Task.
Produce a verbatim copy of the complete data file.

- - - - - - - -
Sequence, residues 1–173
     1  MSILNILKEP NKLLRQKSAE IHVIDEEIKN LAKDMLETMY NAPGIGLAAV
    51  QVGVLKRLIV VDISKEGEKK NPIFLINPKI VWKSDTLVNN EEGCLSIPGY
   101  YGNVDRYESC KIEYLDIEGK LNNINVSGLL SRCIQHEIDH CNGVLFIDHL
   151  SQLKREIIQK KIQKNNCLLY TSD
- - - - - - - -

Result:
Sequence, residues 1–173
     1  MSILNILKEP NKLLRQKSAE IHVIDEEIKN LAKDMLETMY NAPGIGLAAV
    51  QVGVLKRLIV VDISKEGEKK NPIFLINPKI VWKSDTLVNN EEGCLSIPGY
   101  YGNVDRYESC KIEYLDIEGK LNNINVSGLL SRCIQHEIDH CNGVLFIDHL
   151  SQLKREIIQK KIQKNNCLLY TSD